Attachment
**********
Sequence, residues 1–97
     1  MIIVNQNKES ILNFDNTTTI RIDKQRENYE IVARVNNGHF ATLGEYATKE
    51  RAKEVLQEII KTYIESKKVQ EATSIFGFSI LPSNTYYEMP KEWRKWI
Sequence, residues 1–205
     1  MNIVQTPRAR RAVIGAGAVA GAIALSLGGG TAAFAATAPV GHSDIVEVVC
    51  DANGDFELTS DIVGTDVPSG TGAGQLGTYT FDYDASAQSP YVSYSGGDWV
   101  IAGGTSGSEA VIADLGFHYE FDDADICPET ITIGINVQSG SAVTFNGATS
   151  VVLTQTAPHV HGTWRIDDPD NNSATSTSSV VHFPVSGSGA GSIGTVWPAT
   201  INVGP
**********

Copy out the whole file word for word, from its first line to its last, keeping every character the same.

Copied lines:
Sequence, residues 1–97
     1  MIIVNQNKES ILNFDNTTTI RIDKQRENYE IVARVNNGHF ATLGEYATKE
    51  RAKEVLQEII KTYIESKKVQ EATSIFGFSI LPSNTYYEMP KEWRKWI
Sequence, residues 1–205
     1  MNIVQTPRAR RAVIGAGAVA GAIALSLGGG TAAFAATAPV GHSDIVEVVC
    51  DANGDFELTS DIVGTDVPSG TGAGQLGTYT FDYDASAQSP YVSYSGGDWV
   101  IAGGTSGSEA VIADLGFHYE FDDADICPET ITIGINVQSG SAVTFNGATS
   151  VVLTQTAPHV HGTWRIDDPD NNSATSTSSV VHFPVSGSGA GSIGTVWPAT
   201  INVGP